Project description:The impacts of invertebrate RNA virus population dynamics on virulence and infection outcomes are poorly understood. Deformed wing virus (DWV), the main viral pathogen of honey bees, negatively impacts bee health, which can lead to colony death. Despite previous reports on the reduction of DWV diversity following the arrival of the parasitic mite Varroa destructor, the key DWV vector, we found high genetic diversity of DWV in infested United States honey bee colonies. Phylogenetic analysis showed that divergent US DWV genotypes are of monophyletic origin and were likely generated as a result of diversification after a genetic bottleneck. To investigate the population dynamics of this divergent DWV, we designed a series of novel infectious cDNA clones corresponding to coexisting DWV genotypes, thereby devising a reverse-genetics system for an invertebrate RNA virus quasispecies. Equal replication rates were observed for all clone-derived DWV variants in single infections. Surprisingly, individual clones replicated to the same high levels as their mixtures and even the parental highly diverse natural DWV population, suggesting that complementation between genotypes was not required to replicate to high levels. Mixed clone-derived infections showed a lack of strong competitive exclusion, suggesting that the DWV genotypes were adapted to coexist. Mutational and recombination events were observed across clone progeny, providing new insights into the forces that drive and constrain virus diversification. Accordingly, our results suggest that Varroa influences DWV dynamics by causing an initial selective sweep, which is followed by virus diversification fueled by negative frequency-dependent selection for new genotypes. We suggest that this selection might reflect the ability of rare lineages to evade host defenses, specifically antiviral RNA interference (RNAi). In support of this hypothesis, we show that RNAi induced against one DWV strain is less effective against an alternate strain from the same population.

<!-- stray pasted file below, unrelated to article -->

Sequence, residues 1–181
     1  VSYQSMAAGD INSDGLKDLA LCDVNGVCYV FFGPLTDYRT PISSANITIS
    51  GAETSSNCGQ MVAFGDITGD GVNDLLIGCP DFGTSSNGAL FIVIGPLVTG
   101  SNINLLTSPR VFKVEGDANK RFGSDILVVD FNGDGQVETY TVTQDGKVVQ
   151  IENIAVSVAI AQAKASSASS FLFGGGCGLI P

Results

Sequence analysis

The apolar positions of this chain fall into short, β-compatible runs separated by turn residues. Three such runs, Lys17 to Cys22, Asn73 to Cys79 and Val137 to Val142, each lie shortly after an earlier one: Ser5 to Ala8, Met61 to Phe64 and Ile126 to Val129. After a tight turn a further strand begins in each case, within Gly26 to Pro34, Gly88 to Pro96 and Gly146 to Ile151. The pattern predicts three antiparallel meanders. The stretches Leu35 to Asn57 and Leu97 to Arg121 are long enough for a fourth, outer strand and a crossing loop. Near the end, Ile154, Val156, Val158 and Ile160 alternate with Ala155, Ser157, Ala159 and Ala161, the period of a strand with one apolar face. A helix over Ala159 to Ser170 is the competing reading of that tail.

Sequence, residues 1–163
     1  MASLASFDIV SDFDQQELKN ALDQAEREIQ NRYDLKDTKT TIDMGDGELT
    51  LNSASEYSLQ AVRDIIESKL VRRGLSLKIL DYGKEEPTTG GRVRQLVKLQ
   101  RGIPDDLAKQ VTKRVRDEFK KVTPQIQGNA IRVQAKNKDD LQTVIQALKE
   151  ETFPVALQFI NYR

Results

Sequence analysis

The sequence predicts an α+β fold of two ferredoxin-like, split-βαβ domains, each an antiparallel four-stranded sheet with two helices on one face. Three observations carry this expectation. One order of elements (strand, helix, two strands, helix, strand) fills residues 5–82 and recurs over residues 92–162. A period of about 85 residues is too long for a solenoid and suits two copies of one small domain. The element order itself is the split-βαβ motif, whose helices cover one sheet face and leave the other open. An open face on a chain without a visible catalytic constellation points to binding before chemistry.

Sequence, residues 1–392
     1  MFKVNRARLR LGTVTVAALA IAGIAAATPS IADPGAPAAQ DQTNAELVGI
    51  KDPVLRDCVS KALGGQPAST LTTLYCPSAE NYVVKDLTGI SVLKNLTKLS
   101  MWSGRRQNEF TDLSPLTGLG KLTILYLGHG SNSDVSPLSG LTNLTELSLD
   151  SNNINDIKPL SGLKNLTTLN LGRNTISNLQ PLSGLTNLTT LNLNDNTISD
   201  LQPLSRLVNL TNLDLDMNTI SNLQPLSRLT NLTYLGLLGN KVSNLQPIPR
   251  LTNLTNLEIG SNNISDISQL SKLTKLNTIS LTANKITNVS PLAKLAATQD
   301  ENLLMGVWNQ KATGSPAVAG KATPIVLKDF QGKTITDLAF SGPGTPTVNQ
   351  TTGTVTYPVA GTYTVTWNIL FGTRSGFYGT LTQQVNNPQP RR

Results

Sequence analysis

Project description:Deformed wing virus (DWV) is an important pathogen in a broad range of insects, including honey bees. Concordant with the spread of Varroa, DWV is present in the majority of honey bee colonies and can result in either low-level infections with asymptomatic bees that nonetheless exhibit increased colony loss under stress, or high-level infections with acute effects on bee health and viability. DWV can be transmitted vertically or horizontally and evidence suggests that horizontal transmission via Varroa is associated with acute symptomatic infections. Vertical transmission also occurs and is presumably important for the maintenance of DWV in honey bee populations. To further our understanding the vertical transmission of DWV through queens, we performed three experiments: we studied the quantitative effectiveness of vertical transmission, surveyed the prevalence of successful egg infection under commercial conditions, and distinguished among three possible mechanisms of transmission. We find that queen-infection level predicts the DWV titers in their eggs, although the transmission is not very efficient. Our quantitative assessment of DWV demonstrates that eggs in 1/3 of the colonies are infected with DWV and highly infected eggs are rare in newly-installed spring colonies. Additionally, our results indicate that DWV transmission occurs predominantly by virus adhering to the surface of eggs (transovum) rather than intracellularly. Our combined results suggest that the queens' DWV vectoring capacity in practice is not as high as its theoretical potential. Thus, DWV transmission by honey bee queens is part of the DWV epidemic with relevant practical implications, which should be further studied.